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Malaysian trends and standards in Accounting

Published by Afterschool.my on Sep 05, 2016, 03:11 pm

Better study hard if you don't want to be replaced by computers, as artificial intelligence and intelligent machines are some of the much talked about worldwide trends in accounting.

accounting trend in Malaysia

Malaysian Institute of Accountants (MIA) chief executive officer Dr Nurmazilah Mahzan said these technologies have the capability to crunch massive amount of data, analyse information and have the ability to enhance reasoning and professional judgement.

“By tapping into these technologies, accountants and financial professionals will be better supported when making complex decisions,” she said.

In Malaysia, trends in the accountancy profession are Big Data Analytics and Integrated Reporting.

“Irrespective of the industry, we generate tonnes of data every day. Accountants and financial professionals can leverage on Big Data. They have the ability to analyse data to help management make informed decisions.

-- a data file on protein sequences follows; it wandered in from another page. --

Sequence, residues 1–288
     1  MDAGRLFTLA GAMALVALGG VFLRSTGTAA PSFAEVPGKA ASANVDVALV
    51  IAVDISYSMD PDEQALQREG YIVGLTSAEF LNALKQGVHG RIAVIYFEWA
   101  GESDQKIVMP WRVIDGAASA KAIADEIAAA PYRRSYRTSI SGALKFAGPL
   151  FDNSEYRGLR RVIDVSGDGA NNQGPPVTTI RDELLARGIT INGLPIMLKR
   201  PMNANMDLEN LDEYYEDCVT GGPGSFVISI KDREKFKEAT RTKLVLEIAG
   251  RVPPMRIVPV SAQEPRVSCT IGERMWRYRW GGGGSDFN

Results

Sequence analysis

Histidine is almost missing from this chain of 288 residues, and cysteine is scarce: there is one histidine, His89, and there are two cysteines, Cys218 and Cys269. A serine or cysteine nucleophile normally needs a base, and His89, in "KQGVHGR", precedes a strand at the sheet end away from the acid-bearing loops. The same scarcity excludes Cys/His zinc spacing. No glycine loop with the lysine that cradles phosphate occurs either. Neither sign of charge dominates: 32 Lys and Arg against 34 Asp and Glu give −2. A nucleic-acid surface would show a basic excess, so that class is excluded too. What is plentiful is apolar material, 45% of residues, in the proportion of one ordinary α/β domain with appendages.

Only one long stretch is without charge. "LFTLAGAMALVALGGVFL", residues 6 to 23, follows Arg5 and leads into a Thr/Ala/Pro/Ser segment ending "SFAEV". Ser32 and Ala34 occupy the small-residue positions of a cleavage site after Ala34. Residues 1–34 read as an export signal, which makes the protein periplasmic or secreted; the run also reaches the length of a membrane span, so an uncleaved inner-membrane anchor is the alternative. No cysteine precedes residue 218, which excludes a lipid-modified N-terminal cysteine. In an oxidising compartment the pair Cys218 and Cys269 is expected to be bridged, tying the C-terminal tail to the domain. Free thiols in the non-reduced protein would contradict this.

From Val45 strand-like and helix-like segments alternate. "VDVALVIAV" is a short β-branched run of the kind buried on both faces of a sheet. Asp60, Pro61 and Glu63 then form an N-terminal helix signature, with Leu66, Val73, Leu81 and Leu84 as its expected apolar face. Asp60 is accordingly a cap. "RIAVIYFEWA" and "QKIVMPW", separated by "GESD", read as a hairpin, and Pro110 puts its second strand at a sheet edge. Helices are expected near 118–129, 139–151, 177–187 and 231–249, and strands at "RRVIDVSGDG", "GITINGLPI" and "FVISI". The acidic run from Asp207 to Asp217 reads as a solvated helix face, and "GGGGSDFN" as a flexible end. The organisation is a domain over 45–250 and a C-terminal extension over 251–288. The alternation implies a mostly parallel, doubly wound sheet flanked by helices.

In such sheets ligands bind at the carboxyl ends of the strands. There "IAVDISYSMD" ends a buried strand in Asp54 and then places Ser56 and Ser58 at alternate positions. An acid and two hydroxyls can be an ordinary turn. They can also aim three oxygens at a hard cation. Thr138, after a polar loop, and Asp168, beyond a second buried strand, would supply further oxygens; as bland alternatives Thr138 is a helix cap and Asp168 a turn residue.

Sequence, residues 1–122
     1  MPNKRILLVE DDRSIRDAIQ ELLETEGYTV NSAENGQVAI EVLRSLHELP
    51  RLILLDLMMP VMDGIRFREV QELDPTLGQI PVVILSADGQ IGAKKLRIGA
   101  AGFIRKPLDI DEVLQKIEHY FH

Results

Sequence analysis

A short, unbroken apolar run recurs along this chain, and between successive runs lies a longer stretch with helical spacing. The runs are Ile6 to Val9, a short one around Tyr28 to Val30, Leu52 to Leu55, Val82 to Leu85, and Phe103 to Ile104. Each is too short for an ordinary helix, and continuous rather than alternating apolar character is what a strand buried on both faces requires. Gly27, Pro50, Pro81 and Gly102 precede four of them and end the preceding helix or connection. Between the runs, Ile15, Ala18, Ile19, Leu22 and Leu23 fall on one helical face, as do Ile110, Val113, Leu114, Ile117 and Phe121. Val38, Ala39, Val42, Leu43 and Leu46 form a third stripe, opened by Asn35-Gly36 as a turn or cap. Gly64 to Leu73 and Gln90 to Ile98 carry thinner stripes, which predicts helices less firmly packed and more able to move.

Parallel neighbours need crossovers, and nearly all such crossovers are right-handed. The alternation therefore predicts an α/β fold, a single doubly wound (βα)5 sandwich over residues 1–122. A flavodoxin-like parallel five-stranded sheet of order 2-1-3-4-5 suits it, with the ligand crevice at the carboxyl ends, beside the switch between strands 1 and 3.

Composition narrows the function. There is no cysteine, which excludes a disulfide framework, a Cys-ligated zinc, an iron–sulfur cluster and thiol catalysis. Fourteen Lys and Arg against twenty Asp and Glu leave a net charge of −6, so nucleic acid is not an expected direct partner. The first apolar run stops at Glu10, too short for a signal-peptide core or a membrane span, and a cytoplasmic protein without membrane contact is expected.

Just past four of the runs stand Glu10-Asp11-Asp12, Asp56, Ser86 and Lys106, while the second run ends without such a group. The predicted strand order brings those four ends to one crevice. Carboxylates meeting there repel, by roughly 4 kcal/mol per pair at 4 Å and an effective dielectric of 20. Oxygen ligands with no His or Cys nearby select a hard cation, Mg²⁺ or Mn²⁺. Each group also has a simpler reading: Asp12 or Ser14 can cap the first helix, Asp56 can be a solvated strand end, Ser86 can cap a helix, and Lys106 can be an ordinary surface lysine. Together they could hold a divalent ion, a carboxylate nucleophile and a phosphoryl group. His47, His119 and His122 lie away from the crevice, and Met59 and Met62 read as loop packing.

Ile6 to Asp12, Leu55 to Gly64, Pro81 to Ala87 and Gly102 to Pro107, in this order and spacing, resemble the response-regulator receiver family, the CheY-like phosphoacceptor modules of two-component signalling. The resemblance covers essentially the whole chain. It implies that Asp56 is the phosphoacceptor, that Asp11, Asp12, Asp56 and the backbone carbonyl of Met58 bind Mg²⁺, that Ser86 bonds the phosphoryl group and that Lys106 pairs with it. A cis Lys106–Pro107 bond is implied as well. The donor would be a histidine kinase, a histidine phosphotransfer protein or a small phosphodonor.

"Accountants and financial professionals could play a strategic role in the organisation as their ability to interpret data could reveal business opportunities.”

Integrated Reporting is the next evolution of corporate reporting. Companies are encouraged to focus beyond financial performance, with an emphasis on the impact of their activities on the economy, environment and society. In doing so, organisations can create greater value over short to and long-term.

In Malaysia, the Integrated Reporting initiative is jointly promoted by various parties including the MIA, Securities Commission, Bursa Malaysia and PriceWaterhouse Coopers.

Aspiring accountants also need to keep pace with standards, particularly the International Financial Reporting Standards (IFRSs), a single set of accounting standards developed and maintained by the International Accounting Standards Board.

Malaysian Accounting Standards Board technical director Tan Bee Leng said with nearly 120 countries requiring the use of IFRSs by public companies while most other jurisdictions permit the use of IFRSs in at least some circumstances, knowledge of the standards will be most useful to aspiring accountants.

“It will enable them to stay relevant not only in Malaysia but also across international borders. For example, a Malaysian firm may do business with multinational clients or it may have subsidiaries overseas.

“In addition, IFRSs are developed based on clearly articulated principles and IFRSs concepts can help students develop critical analytical and thinking skills,” she added.

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